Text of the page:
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Blog: Addressing inequality and oppression such as institutional racism is vital in society and a core task of social work and education

Blog by Abyd Quinn Aziz, Social Work Programme Director, Cardiff University

This year, 2020, seems to have been a momentous year so far.  The impact of the murder of George Floyd is being felt across the world, with Black Lives Matter, yet again having to come to the fore to highlight the depth of individual and institutional racism in society.  Our sympathies and solidarity goes out to all those affected by this and the disproportionate impact of Covid 19 in black and ethnic minority communities.  It comes with the coming acknowledgment that this is not the fault of those communities’ lifestyles or genetic deficits, but that racism and the stresses that this brings play a part.  This is compounded by poverty and employment where BME workers felt less protected and pushed into the front line during this crisis.

Here, in social work education in Wales, we were able to agree how to deal with practice learning placements as an HEI sector to address the pandemic and then the lockdown, in discussion with Social Care Wales.  PLOs were suspended, for the safety of students, but also so that they did not just become an extra pair of hands instead of being educated to become social workers.  Of course, many were able to take on valuable caring roles while completing their portfolios and collating evidence from a range of sources while they had been on placement and are receiving important support from their practice educators in putting together their portfolio demonstrating competence and identifying learning needs to take forward into the first year of practice.

I know that we all went through a range of feelings and at the end of May I realised that I was feeling shocked, upset, tired and angry at George Floyd’s murder and how events are unfolding in the USA and other countries across the world.  It made me think (amongst other things) of our profession and how addressing inequality and oppression such as institutional racism is vital in society and that it is a core task of social work and education; to challenge and confront this wherever it happens. 

There had been a distinct lack of response from those we might expect to stand up in our profession, as BASW’s Wayne Reid pointed out in Community Care, but the Black Lives Matter movement brought this to everybody’s attention.  Suddenly there were conversations about race and racism in all spheres of life, positively, some jumping on the bandwagon and some criticism (to put it politely) of the movement.  Here in Wales, BLM demonstrations cropped up across the country, with a large start in Cardiff, organised by a much younger group of people taking the reins from the older activists. It was also noticeable that there were far more people of colour amongst the organisers, speakers and leaders.

The Cardiff demo, amongst others, highlighted that it was not about black against white, but about all of us standing together against racism and in working together to examine how deeply ingrained racism is in society and in all that we do.  The Social Work Action Network highlight ‘these systems of oppression are worldwide; from Brazil to Chile, to Palestine...worldwide, racial capitalism, settler colonialism, and imperialism are being unmasked by a new global movement’ and we stand in solidarity with the victims of institutional racism, reminding us that ‘Power conceded nothing without a demand.  It never has and it never will’. Fredrick Douglass an African American Abolitionist.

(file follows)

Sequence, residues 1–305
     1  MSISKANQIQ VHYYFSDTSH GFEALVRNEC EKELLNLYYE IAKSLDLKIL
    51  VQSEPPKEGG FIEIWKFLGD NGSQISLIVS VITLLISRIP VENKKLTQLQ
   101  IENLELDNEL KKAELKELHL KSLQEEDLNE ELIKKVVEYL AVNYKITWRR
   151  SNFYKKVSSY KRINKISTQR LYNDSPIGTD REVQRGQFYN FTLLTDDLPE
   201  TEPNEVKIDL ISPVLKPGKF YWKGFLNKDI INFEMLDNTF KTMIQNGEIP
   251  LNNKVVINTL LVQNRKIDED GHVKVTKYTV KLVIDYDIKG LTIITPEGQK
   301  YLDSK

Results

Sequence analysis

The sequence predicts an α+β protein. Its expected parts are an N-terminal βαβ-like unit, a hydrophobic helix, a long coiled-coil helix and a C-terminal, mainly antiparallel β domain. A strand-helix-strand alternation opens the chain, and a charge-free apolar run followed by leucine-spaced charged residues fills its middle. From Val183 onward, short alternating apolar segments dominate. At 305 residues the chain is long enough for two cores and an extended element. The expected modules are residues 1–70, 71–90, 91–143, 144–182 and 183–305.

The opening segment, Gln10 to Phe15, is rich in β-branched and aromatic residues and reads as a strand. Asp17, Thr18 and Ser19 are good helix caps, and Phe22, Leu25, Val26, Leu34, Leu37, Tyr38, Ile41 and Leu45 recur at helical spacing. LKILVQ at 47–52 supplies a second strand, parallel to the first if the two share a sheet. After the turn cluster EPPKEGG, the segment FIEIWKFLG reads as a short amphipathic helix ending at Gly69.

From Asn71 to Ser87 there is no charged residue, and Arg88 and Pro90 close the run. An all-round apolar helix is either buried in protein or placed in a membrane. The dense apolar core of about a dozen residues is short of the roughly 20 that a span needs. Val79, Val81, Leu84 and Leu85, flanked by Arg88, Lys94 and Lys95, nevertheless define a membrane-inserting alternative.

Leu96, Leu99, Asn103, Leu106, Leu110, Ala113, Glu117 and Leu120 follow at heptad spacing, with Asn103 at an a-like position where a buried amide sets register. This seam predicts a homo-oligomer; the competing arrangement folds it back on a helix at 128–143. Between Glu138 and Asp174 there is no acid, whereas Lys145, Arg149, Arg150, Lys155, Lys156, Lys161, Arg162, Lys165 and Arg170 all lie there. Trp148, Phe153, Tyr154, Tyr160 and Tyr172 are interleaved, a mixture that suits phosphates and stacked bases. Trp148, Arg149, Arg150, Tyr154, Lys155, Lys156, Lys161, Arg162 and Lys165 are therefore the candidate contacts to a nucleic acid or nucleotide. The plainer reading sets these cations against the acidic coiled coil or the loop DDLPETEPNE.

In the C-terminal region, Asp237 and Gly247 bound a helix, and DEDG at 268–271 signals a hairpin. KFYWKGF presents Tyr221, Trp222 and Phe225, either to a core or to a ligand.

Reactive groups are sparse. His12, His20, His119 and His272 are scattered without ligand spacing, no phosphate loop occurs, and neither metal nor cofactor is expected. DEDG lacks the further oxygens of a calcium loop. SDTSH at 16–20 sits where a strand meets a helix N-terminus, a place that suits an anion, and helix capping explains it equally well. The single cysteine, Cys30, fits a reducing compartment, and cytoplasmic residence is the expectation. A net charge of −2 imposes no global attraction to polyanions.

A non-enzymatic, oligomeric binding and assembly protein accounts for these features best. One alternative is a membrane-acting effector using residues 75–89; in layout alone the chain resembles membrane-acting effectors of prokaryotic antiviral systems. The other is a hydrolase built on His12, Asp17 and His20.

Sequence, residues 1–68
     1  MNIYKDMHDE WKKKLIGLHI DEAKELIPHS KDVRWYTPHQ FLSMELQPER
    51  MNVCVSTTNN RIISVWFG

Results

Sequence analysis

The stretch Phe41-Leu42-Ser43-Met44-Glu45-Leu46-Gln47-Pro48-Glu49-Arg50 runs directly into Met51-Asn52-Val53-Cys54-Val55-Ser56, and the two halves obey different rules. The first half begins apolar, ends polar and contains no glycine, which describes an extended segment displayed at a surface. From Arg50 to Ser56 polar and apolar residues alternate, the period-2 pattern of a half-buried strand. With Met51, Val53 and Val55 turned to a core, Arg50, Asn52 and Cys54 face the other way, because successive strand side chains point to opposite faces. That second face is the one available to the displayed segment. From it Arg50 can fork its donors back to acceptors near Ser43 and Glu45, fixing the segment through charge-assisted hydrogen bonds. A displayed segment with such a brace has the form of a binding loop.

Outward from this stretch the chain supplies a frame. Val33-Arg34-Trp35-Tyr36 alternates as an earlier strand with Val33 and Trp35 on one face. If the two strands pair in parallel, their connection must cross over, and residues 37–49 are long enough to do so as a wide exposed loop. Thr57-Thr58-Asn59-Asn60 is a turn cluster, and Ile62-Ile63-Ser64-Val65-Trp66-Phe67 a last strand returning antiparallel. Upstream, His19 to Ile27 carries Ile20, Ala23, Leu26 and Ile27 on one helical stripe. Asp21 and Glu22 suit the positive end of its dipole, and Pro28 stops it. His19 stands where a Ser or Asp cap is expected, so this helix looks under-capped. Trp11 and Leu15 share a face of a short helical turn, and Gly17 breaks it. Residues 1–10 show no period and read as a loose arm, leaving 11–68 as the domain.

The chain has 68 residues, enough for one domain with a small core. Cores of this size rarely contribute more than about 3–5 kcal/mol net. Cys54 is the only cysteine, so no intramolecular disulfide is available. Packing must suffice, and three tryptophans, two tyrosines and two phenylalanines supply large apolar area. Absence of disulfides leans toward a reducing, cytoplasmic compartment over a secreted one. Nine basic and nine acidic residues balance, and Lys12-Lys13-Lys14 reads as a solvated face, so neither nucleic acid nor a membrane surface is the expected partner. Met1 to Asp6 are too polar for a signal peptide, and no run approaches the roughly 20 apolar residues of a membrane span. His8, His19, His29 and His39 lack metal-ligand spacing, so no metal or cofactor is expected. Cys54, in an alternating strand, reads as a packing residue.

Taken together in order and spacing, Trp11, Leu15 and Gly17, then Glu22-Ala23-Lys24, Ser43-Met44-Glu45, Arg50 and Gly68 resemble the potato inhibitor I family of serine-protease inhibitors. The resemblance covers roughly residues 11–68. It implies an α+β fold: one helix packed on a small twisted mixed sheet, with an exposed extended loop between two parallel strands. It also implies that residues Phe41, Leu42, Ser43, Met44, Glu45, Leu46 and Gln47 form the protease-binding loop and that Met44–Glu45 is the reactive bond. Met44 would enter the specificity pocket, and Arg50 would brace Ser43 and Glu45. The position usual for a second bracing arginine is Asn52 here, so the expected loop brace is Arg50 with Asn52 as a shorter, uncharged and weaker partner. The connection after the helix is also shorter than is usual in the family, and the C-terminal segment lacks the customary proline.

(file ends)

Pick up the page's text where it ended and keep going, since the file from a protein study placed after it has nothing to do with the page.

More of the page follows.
In social work, one of our central values is that we work in an anti-discriminatory way, an active approach of doing something to bring about change and to quote Vasilios Ioakimidis (on Twitter) 'A good way for social work to ensure that its commitment to Black Lives Matter and anti-racism is not performative is to encourage a thorough exploration of the profession's own history; especially those troubling chapter of colonialism, segregation and assimilation'.

I recognise that many will be experiencing a mix of feelings and of wanting to find out what to do about it and there are a mass of useful resources for you to look up to help you learn, to help looking at world events in a more critical manner and how to be an ally in this fight.  This goes beyond thinking being non-racist is enough and moving from carrying out implicit bias tests to reading, listening and talking about what will be a painful topic.  Don’t leave it to colleagues who are people of colour to raise and put your ego to the side if you are challenged at not getting it right first time, or the second time, but learn.  We all need to take action individually and with other people and through our organisations and associations as well as in our neighbourhoods.

BASW have set up the Equality, Diversity and Inclusion Group, and Wayne Reid at BASW England will be leading a Black and Ethnic professionals’ symposium for members in England (contact him on wayne.reid@basw.co.uk) and you can very easily carry out a search of useful reading and online material to help you.

BASW Cymru are keen to set up a black professionals network across Wales, please do contant the BASW Cymru  team if you are interested in being involved. 

Above all, though, if there is something we can do to honour the deaths and struggles that have been highlighted to us in these past months, we can take heed of the words of Al Sharpton, in his eulogy for George Floyd, ‘We gonna fight on…we are not fighting some disconnected incidents.  We are fighting an institutional, systemic problem…’ and surely our world of social work must be full of allies.